Symptoms of colon cancer may include:

  • Blood in your stool or bleeding from your rectum
  • Changes in bowel habits, such as diarrhea or constipation
  • Cramping or pain in your abdomen
  • Nausea or vomiting
  • Pressure in your abdomen that isn’t relieved by a bowel movement
  • Unintentional weight loss
  • Weakness and fatigue

What increases the risk of colon cancer?

Certain factors can increase your risk of developing colon cancer. Some factors you can change (such as lifestyle choices), and some you can’t (such as inherited genetics).

Colon cancer risks include:

  • Age: Colon cancer is most common in people over 50.
  • Colon polyps: A history of polyps makes you more likely to develop colon cancer.
  • Family history: A family history of colon polyps or cancer increases your risk for colon cancer.
  • Inflammatory bowel disease: Ulcerative colitis and Crohn’s disease cause chronic inflammation, making you more susceptible to colon cancer.
  • Lifestyle: Smoking, drinking alcohol, eating a diet high in processed meats or being overweight increase your risk of colon and other cancers.
  • Inherited diseases: Genetic syndromes such as Peutz-Jeghers syndrome and Lynch syndrome increase your risk of colon cancer.
The Evolution of treatment for colorectal cancer

How is colon cancer treated?

Surgery is the most common treatment for colon cancer. Colorectal cancer surgeries we offer include:

  • Local excision: We can remove early cancer by inserting a scope and surgical tools through your rectum, similar to a colonoscopy. You don’t have an incision in your abdomen.
  • Partial colectomy: Your surgeon removes the part of your colon that contains cancer and nearby lymph nodes. In most cases, we can join the two remaining ends of your colon together (anastomosis) so you can use the bathroom normally. We can often do this procedure using minimally invasive techniques.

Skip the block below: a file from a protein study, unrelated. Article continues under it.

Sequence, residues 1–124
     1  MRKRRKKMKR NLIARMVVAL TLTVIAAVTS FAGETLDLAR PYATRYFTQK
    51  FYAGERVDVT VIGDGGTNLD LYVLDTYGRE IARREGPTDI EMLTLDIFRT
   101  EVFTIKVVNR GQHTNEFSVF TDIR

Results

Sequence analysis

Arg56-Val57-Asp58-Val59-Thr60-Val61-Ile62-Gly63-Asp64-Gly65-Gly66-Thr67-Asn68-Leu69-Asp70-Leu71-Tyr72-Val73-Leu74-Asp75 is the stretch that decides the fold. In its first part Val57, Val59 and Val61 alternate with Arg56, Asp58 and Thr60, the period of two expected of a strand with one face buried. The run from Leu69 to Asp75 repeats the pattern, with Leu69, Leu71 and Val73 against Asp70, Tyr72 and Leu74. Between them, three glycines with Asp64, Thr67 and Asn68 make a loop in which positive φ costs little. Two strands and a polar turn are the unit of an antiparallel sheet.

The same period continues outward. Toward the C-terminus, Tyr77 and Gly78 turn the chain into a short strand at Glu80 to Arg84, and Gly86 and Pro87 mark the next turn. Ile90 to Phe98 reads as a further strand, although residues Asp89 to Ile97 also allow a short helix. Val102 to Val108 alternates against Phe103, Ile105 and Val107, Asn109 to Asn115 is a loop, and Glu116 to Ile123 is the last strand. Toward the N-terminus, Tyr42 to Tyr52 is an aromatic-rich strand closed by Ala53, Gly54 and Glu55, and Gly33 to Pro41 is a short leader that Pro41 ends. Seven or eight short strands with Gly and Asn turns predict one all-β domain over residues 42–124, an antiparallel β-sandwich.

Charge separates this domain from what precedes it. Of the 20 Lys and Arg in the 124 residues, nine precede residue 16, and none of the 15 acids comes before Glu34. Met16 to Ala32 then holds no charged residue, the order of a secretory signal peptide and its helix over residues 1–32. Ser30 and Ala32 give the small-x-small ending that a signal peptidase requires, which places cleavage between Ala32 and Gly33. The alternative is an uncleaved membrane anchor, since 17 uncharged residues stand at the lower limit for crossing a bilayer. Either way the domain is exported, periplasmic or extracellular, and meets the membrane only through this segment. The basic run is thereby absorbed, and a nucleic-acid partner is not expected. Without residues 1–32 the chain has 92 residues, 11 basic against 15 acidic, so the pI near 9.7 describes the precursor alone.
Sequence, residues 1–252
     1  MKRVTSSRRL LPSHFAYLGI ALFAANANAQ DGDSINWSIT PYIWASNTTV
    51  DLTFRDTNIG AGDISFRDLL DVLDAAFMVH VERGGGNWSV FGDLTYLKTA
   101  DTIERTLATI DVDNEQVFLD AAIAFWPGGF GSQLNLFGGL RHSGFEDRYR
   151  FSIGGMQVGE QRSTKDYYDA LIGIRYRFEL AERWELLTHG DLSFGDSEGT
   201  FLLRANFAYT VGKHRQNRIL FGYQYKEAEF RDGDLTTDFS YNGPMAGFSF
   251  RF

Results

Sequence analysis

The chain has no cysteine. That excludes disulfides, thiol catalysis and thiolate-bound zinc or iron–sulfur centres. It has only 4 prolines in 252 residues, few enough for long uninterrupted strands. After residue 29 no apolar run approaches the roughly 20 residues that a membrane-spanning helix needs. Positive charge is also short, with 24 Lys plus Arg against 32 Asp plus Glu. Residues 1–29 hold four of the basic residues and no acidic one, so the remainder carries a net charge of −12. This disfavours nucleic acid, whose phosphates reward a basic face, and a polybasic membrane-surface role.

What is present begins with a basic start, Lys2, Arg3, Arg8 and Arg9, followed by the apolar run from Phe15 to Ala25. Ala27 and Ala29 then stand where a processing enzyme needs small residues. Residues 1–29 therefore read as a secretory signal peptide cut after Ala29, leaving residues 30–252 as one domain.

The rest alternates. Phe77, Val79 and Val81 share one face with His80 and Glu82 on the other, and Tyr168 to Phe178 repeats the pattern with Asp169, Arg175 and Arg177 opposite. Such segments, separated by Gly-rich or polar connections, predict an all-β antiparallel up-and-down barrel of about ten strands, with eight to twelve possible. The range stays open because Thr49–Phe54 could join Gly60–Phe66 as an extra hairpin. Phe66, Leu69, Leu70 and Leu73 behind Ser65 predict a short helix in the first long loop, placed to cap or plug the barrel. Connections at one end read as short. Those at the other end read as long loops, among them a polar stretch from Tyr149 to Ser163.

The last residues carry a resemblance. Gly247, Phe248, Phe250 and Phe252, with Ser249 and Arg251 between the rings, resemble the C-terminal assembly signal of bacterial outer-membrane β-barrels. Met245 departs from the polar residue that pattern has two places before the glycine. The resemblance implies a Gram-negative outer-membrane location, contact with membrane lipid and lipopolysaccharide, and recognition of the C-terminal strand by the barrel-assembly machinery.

• Total colectomy: For advanced colon cancer, we may need to remove your entire colon. Sometimes we can join your small intestine to your rectum or anus so you can use the bathroom as you did before.

In some cases, we recommend chemotherapy or radiation therapy before surgery to shrink tumors so they’re easier to remove. Or you receive chemotherapy or radiation therapy after surgery to reduce the risk that cancer will return.

We may recommend targeted therapy or immunotherapy for people with metastatic colon cancer who aren’t candidates for surgery.

Will I need a colostomy bag after colon cancer surgery?

Many people are concerned about needing a colostomy bag after colon cancer surgery. A colostomy bag is attached to a surgically created opening in your abdomen, called an ostomy or stoma. The bag collects stool when you can’t use the bathroom normally.

Sometimes, we can’t reconnect sections of your digestive tract during colon cancer surgery. If this happens, we divert part of your colon (colostomy) or small intestine (ileostomy) to the opening in your abdomen. A colostomy or ileostomy may be temporary or permanent. We can often do stoma reversal surgery once your digestive tract has healed. Our patients also benefit from the expertise of specialized ostomy nurses at our outpatient ostomy clinic.

At Henry Ford, the experience of our surgical team means most patients do not need permanent colostomies after colon cancer surgery. Whenever possible, we do sphincter-sparing surgery to preserve bowel function so you can have the highest possible quality of life.


Newly diagnosed?

Contact the cancer team 24/7 by calling (888) 777-4167.